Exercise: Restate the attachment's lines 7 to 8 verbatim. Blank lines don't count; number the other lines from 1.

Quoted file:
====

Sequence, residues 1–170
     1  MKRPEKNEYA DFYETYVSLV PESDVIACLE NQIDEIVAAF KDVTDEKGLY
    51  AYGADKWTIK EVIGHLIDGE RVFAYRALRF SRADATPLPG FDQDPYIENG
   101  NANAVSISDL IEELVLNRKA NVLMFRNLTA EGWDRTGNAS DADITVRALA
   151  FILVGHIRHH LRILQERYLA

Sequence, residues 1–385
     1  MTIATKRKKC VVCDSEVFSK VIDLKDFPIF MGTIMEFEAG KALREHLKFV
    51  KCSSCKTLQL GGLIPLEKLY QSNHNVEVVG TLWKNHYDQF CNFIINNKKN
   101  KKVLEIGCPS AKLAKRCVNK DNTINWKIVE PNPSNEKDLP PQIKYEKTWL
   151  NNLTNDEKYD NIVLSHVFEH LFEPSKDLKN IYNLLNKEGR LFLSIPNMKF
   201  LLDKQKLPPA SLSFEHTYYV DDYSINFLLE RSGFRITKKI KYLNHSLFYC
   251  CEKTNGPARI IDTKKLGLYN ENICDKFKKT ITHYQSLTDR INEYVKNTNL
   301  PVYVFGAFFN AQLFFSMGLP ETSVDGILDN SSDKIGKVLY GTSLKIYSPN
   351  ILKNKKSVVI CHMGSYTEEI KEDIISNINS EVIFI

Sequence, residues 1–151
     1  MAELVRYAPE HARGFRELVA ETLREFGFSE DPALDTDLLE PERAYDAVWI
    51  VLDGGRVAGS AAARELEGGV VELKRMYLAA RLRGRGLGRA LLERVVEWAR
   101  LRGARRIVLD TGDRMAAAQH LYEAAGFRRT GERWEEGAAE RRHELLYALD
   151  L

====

     1  MTIATKRKKC VVCDSEVFSK VIDLKDFPIF MGTIMEFEAG KALREHLKFV
    51  KCSSCKTLQL GGLIPLEKLY QSNHNVEVVG TLWKNHYDQF CNFIINNKKN